That way at least a customer can see for themselves what they are buying.

  9. #9
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    Originally posted by FHJim
    How about www.yourhostsucks.com
    Was it intentional or not that this site actually exists?

    And I personally might buy from someone who was on a blacklist. This is going to sound confusing but before I judged myself, I would consider the reason they got put on the list (i.e. who wrote the complaint that got them there.) As people on here have pointed out, it might not always be the host's fault that they're there. It might be some angry jerk leaving half of a sentence as a post on the board that wasn't properly moderated. I'm not going to judge xyzhost.com strictly on the basis of them being on a board like this because someone put something to the extent of "donot use xyzhost.com they suck my sight was dwon all the tim".

    Your idea might work better if you took a combination of "forum" and "panel" approach. You could still have the forum, but combine it with about 5 or 10 people that do have some knowledge of the industry and who can be fair and objective. And to be truly impartial, at least allow the host the opportunity to defend him/herself. A lot of host problems, much like problems in life, are merely a case of misunderstanding between the client and host.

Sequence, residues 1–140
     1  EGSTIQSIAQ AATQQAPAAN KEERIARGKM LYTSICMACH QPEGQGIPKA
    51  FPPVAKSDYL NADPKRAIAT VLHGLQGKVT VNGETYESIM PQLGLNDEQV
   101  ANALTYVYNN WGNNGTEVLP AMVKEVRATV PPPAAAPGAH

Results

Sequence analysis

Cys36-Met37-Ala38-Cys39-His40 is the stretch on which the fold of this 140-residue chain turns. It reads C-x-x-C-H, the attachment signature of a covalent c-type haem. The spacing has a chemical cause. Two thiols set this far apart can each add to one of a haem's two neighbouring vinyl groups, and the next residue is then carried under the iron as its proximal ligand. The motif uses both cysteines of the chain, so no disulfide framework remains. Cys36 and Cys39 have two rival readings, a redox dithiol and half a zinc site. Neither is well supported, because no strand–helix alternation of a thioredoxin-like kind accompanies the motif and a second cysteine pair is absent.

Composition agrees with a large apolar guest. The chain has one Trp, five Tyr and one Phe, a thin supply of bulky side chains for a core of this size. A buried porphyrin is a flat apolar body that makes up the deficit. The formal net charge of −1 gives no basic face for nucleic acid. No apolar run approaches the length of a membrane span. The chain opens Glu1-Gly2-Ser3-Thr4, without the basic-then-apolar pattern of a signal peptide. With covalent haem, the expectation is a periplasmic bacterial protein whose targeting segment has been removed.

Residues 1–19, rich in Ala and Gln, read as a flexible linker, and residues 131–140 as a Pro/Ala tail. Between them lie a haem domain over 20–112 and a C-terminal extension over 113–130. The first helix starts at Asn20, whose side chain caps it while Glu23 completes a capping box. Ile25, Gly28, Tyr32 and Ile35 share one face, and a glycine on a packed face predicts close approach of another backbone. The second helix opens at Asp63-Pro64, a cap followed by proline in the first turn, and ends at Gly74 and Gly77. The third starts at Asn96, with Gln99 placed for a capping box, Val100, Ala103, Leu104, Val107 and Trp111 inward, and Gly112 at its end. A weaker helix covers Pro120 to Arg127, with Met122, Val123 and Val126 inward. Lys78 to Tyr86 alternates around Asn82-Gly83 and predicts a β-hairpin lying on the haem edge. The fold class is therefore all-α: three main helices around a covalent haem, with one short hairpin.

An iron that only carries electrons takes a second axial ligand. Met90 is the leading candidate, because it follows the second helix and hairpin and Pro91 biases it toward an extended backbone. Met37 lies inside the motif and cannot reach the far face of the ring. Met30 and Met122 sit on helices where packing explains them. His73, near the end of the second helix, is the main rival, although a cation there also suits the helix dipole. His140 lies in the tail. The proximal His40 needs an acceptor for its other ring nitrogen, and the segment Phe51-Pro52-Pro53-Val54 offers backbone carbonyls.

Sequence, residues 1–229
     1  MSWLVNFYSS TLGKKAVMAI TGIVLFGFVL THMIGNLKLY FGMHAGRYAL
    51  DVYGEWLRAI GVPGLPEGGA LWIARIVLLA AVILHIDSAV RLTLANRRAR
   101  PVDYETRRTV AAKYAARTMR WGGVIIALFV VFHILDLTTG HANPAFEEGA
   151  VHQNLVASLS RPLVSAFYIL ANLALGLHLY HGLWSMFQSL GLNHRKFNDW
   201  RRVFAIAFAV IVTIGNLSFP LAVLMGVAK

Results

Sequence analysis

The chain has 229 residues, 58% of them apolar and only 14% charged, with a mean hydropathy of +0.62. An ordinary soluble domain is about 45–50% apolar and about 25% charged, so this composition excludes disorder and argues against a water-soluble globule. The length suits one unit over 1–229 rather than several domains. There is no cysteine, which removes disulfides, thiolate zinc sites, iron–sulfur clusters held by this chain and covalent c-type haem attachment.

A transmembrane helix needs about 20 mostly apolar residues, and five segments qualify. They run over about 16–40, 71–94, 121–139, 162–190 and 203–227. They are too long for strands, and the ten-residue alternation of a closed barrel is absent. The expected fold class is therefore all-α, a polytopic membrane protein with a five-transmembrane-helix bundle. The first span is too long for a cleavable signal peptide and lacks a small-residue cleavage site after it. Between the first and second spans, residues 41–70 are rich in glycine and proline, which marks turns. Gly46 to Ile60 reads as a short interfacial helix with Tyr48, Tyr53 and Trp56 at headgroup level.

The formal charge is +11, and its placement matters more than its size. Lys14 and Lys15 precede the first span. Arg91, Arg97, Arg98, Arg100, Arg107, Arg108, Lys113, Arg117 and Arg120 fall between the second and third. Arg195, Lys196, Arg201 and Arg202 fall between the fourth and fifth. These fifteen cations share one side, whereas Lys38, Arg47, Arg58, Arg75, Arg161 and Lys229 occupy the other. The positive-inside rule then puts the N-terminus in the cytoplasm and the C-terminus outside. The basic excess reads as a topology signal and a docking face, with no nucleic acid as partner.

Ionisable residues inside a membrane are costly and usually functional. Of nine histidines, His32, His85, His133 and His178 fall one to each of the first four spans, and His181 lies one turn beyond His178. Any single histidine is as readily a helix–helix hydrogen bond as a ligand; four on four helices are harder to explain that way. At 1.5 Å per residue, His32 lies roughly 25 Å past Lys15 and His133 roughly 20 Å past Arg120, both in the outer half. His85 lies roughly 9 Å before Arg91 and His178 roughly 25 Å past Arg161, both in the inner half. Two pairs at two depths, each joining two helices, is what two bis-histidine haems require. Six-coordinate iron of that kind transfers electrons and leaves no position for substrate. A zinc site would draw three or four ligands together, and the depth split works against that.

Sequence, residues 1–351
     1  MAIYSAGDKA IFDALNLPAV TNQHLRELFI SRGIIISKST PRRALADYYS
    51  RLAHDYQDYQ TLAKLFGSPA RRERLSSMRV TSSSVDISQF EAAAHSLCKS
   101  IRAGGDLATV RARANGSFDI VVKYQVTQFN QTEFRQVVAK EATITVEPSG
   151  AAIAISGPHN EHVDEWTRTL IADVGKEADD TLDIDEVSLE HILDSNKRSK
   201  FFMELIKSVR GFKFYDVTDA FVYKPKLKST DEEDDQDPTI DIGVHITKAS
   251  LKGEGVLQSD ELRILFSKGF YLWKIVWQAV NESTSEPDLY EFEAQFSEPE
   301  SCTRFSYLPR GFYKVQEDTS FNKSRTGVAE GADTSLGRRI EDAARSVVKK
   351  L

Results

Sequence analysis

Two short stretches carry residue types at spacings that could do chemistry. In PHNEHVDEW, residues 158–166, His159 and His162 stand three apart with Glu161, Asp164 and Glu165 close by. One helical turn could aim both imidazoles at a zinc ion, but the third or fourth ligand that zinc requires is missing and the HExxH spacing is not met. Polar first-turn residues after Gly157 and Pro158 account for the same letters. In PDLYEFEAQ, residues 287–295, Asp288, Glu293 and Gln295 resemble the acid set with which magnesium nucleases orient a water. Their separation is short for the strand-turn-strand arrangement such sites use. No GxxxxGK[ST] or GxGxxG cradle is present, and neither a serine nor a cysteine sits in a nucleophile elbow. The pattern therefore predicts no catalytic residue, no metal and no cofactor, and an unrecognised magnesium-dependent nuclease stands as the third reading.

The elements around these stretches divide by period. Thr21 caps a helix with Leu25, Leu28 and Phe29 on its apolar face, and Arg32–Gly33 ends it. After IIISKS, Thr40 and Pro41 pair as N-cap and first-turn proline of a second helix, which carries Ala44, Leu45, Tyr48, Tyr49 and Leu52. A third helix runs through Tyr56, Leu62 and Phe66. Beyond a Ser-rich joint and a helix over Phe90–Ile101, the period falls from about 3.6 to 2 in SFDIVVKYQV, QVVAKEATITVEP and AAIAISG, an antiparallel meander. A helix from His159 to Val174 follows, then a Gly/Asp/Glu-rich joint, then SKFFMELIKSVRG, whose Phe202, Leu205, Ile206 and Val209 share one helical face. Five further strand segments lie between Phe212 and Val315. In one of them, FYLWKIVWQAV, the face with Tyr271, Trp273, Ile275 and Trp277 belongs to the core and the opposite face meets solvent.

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  10. #10
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    You know what I disagree with the blacklist. At one time i thought of doing this myself then realized that if i were a hosting company how i would feel if somoene just had some bad luck with me and went on and blamed cedwardshost.com (not my real hosting name lol) screwed us over blah blah blah and then chase away potential customers. In the hosting biz every other person that runs servers would know this...there are things that come up that are beyond the host's control and we cant help and the sad thing is the customers dont beleive it. Also some ppl get upset if you take the server down for 3 minutes to reboot at like 4am in the morning onlty once a month for security patches and updates. Its really beyond being fair i believe. I think having a site about the great host would work better because then there wont be so much flaming. Also what may make a place good for one site may not be so great for another. Take for exsample me...i have a site thats a full online game that needs a win2k server. Well i stick it on some and it does really bad. i stick it on another (no name willl be said but im sure the host will read this thread) and it does excellelant...but then again turn around and take a site that doesnt require all that my game did and stick it on that same previous host and it would run perfect with no problems on either server. Well see just because of my complexity of my site i just blacklisted someone that is a good host just not powerful enough for me. See my point or am i just mumbling on about nothing lol because i do that often lol!

  11. #11
    It's a bad idea for a number of reasons, not the least of which is potential legal liability should the list include false, unverified, or misleading information.
    I thank my Lord for all His wonderful blessings.

  12. #12